Enable Root User Access in Mac OS X


Enable Root User Access, in Mac OS X, this is something that is rarely needed. However, as you become more and more familiar with Mac OS X, you’ll start to find functions and commands, only the Root User has permission to execute or run. When you need these functions or commands, you’ll need to these Enable Root User Access, instructions.

Enable Root User Access in Mac OS X - Terminal

I recently needed to make a bootable thumb drive, to install Debian 7, on a server. To do this, I gave the most recent version of UNetbootin, for Mac OS X, a try. Their process seemed pretty straight forward. However, I later discovered, there is quite a bit more to it than UNetbootin (and other help websites) would have you believe.

While it took several attempts to get a working, bootable, thumb drive, the hardest part of actual process, was the commands run in the Terminal. Every command I tried to run, gave me an error. The errors were all the same. I didn’t have permission to run those commands.

Enable Root User Access in Mac OS X – Important notes

Apple’s support website, gave me some insight as to how to get this done. Their directions have not been updated for OS X Mountain Lion, but the viability of their “Important notes” are still very applicable.

  • Only the owner of a computer or its designated administrator(s) should have an administrator account or the root password.
  • Any user with an administrator account can become the root user or reset the root password.
  • A root password should be difficult to guess, containing both numbers and letters within the first eight characters.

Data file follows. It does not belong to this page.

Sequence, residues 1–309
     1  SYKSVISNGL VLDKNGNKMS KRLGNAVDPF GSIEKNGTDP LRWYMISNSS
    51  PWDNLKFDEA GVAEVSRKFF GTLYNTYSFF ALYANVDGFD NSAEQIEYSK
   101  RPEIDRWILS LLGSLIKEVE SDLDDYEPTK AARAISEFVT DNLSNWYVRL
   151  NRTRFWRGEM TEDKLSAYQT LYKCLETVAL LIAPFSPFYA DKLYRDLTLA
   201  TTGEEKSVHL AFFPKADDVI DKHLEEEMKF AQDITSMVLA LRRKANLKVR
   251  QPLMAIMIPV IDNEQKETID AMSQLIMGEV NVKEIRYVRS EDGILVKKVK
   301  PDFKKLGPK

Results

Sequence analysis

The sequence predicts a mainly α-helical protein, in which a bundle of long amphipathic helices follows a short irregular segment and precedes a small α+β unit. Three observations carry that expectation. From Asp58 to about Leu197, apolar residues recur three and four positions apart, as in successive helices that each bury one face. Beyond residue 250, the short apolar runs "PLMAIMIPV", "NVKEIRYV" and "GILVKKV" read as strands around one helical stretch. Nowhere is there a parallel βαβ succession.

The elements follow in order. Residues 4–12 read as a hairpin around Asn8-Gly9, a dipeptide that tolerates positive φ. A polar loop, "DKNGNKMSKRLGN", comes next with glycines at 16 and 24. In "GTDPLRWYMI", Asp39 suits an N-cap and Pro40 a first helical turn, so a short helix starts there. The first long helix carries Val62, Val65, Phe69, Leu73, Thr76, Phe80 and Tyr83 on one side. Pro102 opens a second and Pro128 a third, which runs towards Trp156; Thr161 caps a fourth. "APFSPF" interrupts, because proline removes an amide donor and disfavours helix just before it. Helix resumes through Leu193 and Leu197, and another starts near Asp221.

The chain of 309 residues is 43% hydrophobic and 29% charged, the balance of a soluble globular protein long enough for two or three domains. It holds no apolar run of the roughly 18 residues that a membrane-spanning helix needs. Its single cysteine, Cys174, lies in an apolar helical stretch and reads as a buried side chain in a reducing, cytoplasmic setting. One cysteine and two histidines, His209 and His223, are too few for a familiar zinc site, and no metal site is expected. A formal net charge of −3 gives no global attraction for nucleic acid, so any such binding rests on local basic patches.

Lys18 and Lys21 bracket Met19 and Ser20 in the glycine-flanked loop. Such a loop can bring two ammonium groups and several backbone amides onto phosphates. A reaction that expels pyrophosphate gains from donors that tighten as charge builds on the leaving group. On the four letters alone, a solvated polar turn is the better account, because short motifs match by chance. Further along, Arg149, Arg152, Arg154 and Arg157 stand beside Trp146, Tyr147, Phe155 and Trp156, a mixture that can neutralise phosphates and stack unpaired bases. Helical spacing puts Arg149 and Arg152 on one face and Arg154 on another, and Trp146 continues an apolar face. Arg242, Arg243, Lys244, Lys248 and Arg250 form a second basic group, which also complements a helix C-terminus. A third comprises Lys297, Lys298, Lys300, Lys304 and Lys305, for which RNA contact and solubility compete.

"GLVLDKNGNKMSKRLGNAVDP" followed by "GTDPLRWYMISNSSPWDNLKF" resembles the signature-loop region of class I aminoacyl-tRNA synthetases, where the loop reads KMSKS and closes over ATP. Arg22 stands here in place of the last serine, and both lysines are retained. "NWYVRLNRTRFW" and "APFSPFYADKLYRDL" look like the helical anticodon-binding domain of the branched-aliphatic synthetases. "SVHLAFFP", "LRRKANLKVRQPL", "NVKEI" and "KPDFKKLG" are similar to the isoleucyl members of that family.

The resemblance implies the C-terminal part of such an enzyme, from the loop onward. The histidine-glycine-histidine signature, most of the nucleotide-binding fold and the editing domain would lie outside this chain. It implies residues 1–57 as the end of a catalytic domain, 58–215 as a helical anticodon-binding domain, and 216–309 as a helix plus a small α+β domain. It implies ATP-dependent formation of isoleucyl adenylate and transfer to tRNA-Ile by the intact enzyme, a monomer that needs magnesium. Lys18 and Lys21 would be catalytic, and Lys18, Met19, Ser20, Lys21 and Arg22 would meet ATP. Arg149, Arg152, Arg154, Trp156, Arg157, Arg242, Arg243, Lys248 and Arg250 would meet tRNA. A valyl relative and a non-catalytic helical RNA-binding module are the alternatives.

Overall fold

• A root user has the ability to access other users’ files.
  • The root user has the ability to relocate or remove required system files and to introduce new files in locations that are protected from other users.

None of this concerned me, so I was ready to “Get ‘R Done!”

Enable Root User Access in Mac OS X

Here are the steps to Enable Root User Access, in Mac OS X – Mountain Lion:

  1. From the Apple menu choose System Preferences.
  2. From the View menu choose Users & Groups.
  3. Select your User Account (if your account is an administrator account).
  4. Click the Lock Icon (lock and authenticate) in the lower left corner.
  5. Type in your administrator password if/when prompted.
  6. Click on the “Unlock” button.
  7. Click Login Options (the little house below the user list).
  8. Click the “Join” button (or “Edit” button, in some circumstances), at the bottom right (to the right of Network Account Server).
  9. Click the “Open Directory Utility” button, at the bottom left of the, now visible, drawer.
  10. Click the Lock Icon (lock and authenticate) in the lower left corner, of the Directory Utility Window.
  11. Click the lock in the Directory Utility window.
  12. Type in your administrator password if/when prompted.
  13. Click on the “Modify Configuration” button.
  14. Go to the “Edit” menu.
  15. Click on the “Enable Root User” option.
  16. Enter the password you wish to use, for the “Root User” in both the Password and Verify fields.
  17. Click on the “Ok” button.

I recommend, re-locking all the “Lock Icons” which you unlocked, for security purposes.

Our goal, to Enable Root User Access, in Mac OS X, Mountain Lion, has now been accomplished.

You may not be creating a bootable thumb drive, but my guess is, as you become more and more of a “Power” User, in Mac OS X, you’ll need these steps.

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